Total number of healthcare workers directly trained in each country

Knowledge gained

In all 13 countries, a mean improvement in pre-training and post-training knowledge tests was seen in participants including doctors, medical officers, nurses and pharmacists (figure 1) who were trained together.

Figure 1

Mean pre-and post-training knowledge test scores by country, combined for all healthcare worker cadres.

Healthcare worker engagement

Engagement and enthusiasm from participants was generally high, reflected in self-reported confidence ratings when done in some settings, and post-training course evaluation. Consultation skills sessions were well received and often represented a new approach to learning. Rapid staff turnover was consistently reported to be a barrier to the cascade process, with lack of time, organisation of activities or personnel for supervision, and little succession planning or budget for cascade training. Some HCWs reported an inability to leave their camp without a permit as a restrictive factor to accessing training.

Action planning by NCD champions that was SMART (specific, measurable, attainable, realistic, timely) was a valuable feature of training workshops. For example, in Tanzania an interdisciplinary NCD management monthly team meeting was set up in one facility. Additionally, an exchange visit between camps run by two different health partners with differing resources and capacity was arranged by participants and facilitated by UNHCR, its aim to provide peer-to-peer learning and promote engagement through case-based discussion and meetings using WhatsApp. This provided a welcome opportunity for learning beyond the cascade model.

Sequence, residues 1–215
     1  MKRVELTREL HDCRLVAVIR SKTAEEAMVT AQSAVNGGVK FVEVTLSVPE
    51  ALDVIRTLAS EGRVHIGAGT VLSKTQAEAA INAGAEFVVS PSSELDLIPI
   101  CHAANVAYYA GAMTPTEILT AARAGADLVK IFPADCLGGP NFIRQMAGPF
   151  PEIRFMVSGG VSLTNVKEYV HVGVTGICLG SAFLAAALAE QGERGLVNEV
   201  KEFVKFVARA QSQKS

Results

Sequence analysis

Implementation of pilot monitoring and evaluation framework

Despite repeated efforts by PCI and UNHCR, quality of engagement, timely submission and accuracy of data submitted was variable. However, in six out of eight phase 2 countries an improvement in clinical practice was reported using correct diagnostic criteria, an up-to-date patient register for NCDs was subsequently maintained, a call and recall system was implemented and an improvement of the overall average supervision score was seen. All eight countries reported a fall in stockouts of three essential medicines.

Distance mentoring and follow-up visits

Eleven WhatsApp groups were established across the eight phase 2 countries, with 200 users, of whom 141 (70%) were active soon after training. These stimulated participants to share cases and supported cascade training initially, particularly where a strong group identity had been established during training.

The PCI NCD Training website was used by 287 participants, of whom 45% (128) downloaded training materials. Unreliable internet connectivity limited the website’s value in some settings.

Follow-up visits of 1–2 weeks’ duration occurred in only 6 out of 13 countries due to limited funding or security concerns. Depending on need, refresher training, mentoring of HCWs in facilities and programmatic support for health systems strengthening at camp and partner level was provided.

What was learnt

Strengths of the project

Through its wide geographical reach and contact with multiple different government departments and NGOs, this project has increased awareness and contributed to initial steps to improve delivery of NCD care in refugee settings.

Our experience echoed previous findings that clinical guidance for NCDs in humanitarian settings is often absent or insufficient.2 3 7 We were able to promote use of evidence based clinical guidance in managing NCDs which is likely to improve effectiveness of NCD care in humanitarian settings.3 15